I may be the only person who remembers that 20 years ago yesterday, Gov. William Weld signed into law the crowning achievement of his first year as governor, the deregulation of the Massachusetts hospital payment system.
Well, someone should note it, especially because this year it's likely the Legislature and Gov. Deval Patrick will rewrite those rules for the first time since 1992. Before we look forward, let's walk down memory lane together.
In the mid-1970s, facing a deep recession and a health care cost crisis, and at the urging of business and insurance industry leaders, Massachusetts joined a small group of states in launching a vigorous regulatory program to control the growth in hospital spending and to make sure that all hospitals were paid by insurers according to consistent rules. Evidence shows that the system held down the rate of growth for about ten years, and lost its effectiveness in the late 1980s.
In 1991, in the midst of another deep recession and health care cost crisis, new Republican Gov. Weld convinced the Legislature to embrace his deregulatory agenda, particularly Senate President Bill Bulger, Senate Ways and Means Chair Patricia McGovern, House Speaker Charlie Flaherty, and House Ways & Means Chair Tom Finneran, all Democrats. Weld's key architect was his Health Under-Secretary, Charles D. Baker, more recently the unsuccessful Republican candidate for governor and former CEO of Harvard Pilgrim Health Care.
From 1992 on, hospitals and insurance companies negotiated rates of payment for services among themselves, in private, with no government interference or oversight.
The results, 20 years later, are mixed, positive and negative, and not everyone agrees which is which. Let's look at some key ones, best cataloged in this 2006 report from the MA Division of Health Care Finance & Policy, still the most up-to-date compendium, as well as the Division's 2010 update:
Perhaps the biggest change, the number of acute care hospitals in Massachusetts dropped from 93 in 1990 to 65 today. In 1990, most were independent, and today most are part of larger systems such as Partners and Steward. Most of the closings happened in the 1990s, while the merger and affiliation game keeps going today. Discharges dropped from 52,209 in 1990 to 28,266 in 2004, and beds dropped from 23,262 to 16,190. Health insurers also consolidated, with the number of plans dropping from about 18 in 1990 to 8 today.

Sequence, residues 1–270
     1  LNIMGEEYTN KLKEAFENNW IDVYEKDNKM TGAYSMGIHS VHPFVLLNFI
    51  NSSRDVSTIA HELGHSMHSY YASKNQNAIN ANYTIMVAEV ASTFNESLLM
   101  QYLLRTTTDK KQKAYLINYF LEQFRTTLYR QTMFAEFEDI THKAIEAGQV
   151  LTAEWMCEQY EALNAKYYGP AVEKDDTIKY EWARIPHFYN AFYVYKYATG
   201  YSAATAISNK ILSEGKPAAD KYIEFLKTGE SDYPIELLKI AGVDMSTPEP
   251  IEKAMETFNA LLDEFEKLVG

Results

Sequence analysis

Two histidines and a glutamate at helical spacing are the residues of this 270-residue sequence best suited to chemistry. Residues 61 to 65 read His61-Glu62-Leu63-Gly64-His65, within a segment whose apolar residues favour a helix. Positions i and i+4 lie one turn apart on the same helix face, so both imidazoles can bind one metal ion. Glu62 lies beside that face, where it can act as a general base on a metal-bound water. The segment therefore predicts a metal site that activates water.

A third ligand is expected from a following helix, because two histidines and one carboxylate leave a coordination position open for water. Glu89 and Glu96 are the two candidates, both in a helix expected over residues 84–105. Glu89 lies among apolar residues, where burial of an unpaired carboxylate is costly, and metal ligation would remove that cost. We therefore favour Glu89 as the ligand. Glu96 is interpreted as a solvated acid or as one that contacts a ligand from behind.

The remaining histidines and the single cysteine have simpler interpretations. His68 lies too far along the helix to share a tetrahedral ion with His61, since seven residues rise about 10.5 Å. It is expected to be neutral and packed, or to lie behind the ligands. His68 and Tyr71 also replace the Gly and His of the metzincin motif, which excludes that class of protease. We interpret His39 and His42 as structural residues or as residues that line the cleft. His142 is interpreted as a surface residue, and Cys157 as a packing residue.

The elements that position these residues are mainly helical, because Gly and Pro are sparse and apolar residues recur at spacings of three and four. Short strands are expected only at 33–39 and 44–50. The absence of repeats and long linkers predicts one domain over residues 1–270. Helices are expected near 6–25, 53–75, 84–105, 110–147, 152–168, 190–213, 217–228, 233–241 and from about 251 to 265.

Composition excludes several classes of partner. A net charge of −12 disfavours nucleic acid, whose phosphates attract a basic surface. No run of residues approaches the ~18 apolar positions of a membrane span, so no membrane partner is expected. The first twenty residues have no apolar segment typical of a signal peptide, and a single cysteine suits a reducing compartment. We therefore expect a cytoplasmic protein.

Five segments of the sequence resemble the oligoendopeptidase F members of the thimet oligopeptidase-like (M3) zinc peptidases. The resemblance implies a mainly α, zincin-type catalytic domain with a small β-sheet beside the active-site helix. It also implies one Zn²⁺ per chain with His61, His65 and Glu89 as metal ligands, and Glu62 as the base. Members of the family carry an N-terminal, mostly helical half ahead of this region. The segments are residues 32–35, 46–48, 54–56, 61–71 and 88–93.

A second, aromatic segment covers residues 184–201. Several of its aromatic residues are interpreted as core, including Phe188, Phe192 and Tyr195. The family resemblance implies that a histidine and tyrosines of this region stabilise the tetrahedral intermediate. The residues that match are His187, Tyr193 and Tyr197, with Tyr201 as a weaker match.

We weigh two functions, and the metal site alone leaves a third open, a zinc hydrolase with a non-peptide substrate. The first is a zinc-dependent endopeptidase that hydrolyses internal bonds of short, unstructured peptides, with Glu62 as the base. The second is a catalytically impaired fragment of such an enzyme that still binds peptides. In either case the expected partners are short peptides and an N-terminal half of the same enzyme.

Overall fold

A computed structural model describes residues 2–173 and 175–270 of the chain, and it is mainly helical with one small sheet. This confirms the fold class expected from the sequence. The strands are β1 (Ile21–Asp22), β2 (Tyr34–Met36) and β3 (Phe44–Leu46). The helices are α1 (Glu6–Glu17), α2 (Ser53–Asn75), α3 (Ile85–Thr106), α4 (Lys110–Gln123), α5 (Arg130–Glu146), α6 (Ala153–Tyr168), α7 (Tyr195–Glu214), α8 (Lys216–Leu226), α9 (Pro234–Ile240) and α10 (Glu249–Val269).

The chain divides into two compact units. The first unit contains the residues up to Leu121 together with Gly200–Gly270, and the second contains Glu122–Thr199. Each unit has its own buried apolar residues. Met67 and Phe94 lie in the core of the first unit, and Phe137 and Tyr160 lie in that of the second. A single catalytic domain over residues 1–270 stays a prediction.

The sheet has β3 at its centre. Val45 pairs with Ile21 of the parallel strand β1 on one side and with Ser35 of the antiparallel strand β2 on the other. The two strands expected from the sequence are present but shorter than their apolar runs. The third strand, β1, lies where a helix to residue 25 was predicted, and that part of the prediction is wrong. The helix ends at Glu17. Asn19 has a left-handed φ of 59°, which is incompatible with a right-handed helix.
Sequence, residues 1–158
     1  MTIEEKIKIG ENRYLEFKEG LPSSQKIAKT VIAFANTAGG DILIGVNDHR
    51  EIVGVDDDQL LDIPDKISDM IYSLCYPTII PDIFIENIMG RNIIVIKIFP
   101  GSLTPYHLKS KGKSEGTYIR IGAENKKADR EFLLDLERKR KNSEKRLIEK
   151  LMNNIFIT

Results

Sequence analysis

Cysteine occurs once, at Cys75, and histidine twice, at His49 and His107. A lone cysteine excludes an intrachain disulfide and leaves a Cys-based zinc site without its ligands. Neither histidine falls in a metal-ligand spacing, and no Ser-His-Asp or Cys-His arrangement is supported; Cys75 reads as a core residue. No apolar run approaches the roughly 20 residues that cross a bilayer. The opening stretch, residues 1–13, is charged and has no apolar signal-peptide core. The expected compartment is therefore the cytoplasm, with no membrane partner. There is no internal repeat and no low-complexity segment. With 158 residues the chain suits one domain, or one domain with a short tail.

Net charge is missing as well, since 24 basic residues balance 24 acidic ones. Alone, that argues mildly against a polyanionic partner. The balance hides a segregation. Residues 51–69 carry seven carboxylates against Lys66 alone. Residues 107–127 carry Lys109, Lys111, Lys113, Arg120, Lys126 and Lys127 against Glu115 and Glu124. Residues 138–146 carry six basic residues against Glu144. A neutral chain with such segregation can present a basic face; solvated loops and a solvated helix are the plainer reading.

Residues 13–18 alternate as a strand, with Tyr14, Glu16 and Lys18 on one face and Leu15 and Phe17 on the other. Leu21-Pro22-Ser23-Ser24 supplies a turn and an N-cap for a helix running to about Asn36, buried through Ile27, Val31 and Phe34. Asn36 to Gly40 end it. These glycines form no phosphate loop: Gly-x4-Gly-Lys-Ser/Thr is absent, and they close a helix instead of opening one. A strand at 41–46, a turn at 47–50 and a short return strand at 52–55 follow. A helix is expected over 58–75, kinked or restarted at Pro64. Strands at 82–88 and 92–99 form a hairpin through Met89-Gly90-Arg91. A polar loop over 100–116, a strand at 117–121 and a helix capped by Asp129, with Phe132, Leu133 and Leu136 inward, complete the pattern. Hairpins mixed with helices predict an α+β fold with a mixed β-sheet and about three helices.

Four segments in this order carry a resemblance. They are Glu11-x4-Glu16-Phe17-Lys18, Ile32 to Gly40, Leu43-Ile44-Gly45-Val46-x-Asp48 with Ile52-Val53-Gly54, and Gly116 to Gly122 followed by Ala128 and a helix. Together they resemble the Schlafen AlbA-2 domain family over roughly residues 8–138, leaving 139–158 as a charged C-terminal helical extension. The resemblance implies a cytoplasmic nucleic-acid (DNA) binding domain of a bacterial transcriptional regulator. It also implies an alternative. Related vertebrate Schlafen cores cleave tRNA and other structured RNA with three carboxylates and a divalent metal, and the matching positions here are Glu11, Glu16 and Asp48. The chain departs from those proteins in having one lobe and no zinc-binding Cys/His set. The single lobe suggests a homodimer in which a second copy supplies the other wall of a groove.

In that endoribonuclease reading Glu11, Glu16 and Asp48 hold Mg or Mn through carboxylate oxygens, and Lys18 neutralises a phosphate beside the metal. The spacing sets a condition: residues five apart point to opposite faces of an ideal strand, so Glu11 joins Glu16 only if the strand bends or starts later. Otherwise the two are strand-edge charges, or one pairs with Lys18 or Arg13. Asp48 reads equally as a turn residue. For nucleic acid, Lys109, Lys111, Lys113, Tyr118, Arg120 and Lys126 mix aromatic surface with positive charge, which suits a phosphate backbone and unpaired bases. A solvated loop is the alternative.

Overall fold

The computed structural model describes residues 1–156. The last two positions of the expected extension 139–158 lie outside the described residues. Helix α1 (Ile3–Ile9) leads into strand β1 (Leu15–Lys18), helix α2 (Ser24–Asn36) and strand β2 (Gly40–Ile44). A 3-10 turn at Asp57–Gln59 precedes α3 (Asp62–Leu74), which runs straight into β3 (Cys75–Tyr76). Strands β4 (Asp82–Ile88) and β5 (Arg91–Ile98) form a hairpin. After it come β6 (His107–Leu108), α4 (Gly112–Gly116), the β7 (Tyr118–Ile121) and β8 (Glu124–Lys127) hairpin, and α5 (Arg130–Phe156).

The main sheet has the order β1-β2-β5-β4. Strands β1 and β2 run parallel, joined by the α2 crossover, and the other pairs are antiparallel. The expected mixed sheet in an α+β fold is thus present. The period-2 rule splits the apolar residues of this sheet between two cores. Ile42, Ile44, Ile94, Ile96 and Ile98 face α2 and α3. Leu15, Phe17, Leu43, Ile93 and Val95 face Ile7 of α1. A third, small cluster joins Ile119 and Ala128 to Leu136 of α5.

In the late 1980s, reducing the size of the hospital system was an unattainable policy obsession, and in the 1990s, the deregulated market made it happen with stunning efficiency. This is a clear-cut case of "be careful what you wish for, because you just might get it." While the downsizing eliminated excess capacity, it also enabled market consolidation triggering widespread hospital payment and health insurance cost inflation over the last ten years.
The emblematic event happened in late 1993 with the announcement of the merger of Mass. General and Brigham & Women's Hospitals into the Partners Healthcare System. That move, at the time, was utterly defensive as the two behemoths worried about their survival in the new deregulated environment. Their move was replicated across the state as hospitals formed mini-monopolies in nearly every region.
It took about seven years for providers, led by Partners, to find their footing. In October 2000, Partners and Tufts Health Plan reached a stalemate on a rate re-negotiation, and Partners' chief Sam Thier told Tufts Health Plan chief Harris Berman to take a hike. Tufts folded and gave into all Partners' demands. From that point on, providers dominated rate negotiations until the recent emergence of a harder line by Massachusetts Blue Cross and Blue Shield over the past two years.
The year 2000 would have been a logical time for state government leaders to assess how the system was working; instead, it's been more than ten years since then of hyper-inflation in health insurance premiums, and only three or so years of meaningful efforts to turn the tide.
So 2012 will be the first year the Massachusetts Great and General Court is expected to revisit the law signed 20 years ago yesterday. I expect that a new law will be passed and signed by Gov. Patrick in July (the session ends on July 31). The tension will be between those who want a tougher and fairer set of rules applying to all providers and payers to hold down the rate of growth versus those advocating a softer governmental hand because of recent signs of progress in lowering the rate of increase. The risk with the latter course, of course, is that when the spotlight moves, accountability always wanes.
In the meantime, happy 20th anniversary hospital rate deregulation. May it be your last.
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